Alukea, a local man of the Yi Minority, looks out from the valley-side onto the Hailuogou glacier below. “The glacier is not the same as before. The weather seems to get warmer every year”. Garze Tibetan area. Sichuan Province, China. 2012
Meltdown: Climate Change and Environmental Degradation on the Tibetan Plateau for the Pulitzer Center on Crisis Reporting
“Watch out!” came the scream from behind me. As I turned around, people were scrambling for cover when a rock, the size of a microwave, plummeted towards us. Pressing ourselves quickly against the cold wall next to us, the rock landed at our feet, smashing noisily into the icy floor. “That was close,” laughed my guide next to me. The sounds of rushing water, ice cracking and falling rocks quickly reminded me of the dynamic nature of the place where I currently found myself.
I was standing inside a crevasse in the lower reaches of the Hailuogou glacier, a tongue of ice 15 km long, that plunges off the east side of the looming Mount Gongga (7,556m). Located in the Tibetan area of Garze on the southeast edge of the Tibetan Plateau, the glacier is one of China’s 35,000 which cover nearly 50,000 square kilometers in the west of the country. The area has been dubbed the world’s “third pole,” as a result of the significant volume of ice it contains.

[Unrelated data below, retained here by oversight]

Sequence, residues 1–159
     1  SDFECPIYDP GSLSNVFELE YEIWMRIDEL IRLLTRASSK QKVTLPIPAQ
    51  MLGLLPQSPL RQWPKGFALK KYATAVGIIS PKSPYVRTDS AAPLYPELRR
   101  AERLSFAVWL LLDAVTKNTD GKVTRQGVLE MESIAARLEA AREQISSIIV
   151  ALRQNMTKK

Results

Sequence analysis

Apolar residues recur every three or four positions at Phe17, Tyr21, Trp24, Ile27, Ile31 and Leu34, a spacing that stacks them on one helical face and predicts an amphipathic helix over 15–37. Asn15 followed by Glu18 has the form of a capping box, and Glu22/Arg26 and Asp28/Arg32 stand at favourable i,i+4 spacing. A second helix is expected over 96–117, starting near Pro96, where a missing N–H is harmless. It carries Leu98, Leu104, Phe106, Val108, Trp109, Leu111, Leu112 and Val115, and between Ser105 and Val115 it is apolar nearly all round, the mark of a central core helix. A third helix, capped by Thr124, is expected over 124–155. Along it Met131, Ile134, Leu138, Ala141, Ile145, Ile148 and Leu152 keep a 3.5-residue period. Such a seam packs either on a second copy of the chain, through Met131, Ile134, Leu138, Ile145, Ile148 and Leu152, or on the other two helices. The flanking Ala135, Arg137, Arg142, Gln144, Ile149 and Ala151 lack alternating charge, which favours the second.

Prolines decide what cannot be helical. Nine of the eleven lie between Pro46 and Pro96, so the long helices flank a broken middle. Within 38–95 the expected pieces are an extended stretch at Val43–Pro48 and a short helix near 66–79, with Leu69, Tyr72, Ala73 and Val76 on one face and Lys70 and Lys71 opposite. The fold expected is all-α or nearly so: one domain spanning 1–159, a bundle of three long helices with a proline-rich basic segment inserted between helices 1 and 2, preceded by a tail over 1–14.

This region has increasingly garnered scientists’ attention as changes in glacial cover have gradually become more and more apparent. During this time, all but a few of the glaciers on the plateau have shrunk, with the greatest retreat occurring since the 1980s, seeing shrinkage of more than 6,500 sq. km.
The Hailuo valley and its glacier, on the eastern side of Mt. Gongga in the Tibetan region of Garze on the south-east edge of the Tibetan Plateau. The Hailuogou glacier has retreated over 2 kilometres during the 20th Century alone. Garze Tibetan area. Sichuan Province, China. 2012
Flanked on either side by lush forests, the Hailuogou glacier is one of China’s 8,500 monsoonal temperate glaciers which make up nearly 20 percent of the country’s total glaciers. They are characterized as being found at lower altitudes of between 3,000 to 5,000 meters and are more sensitive to climate change than polar or continental glaciers.
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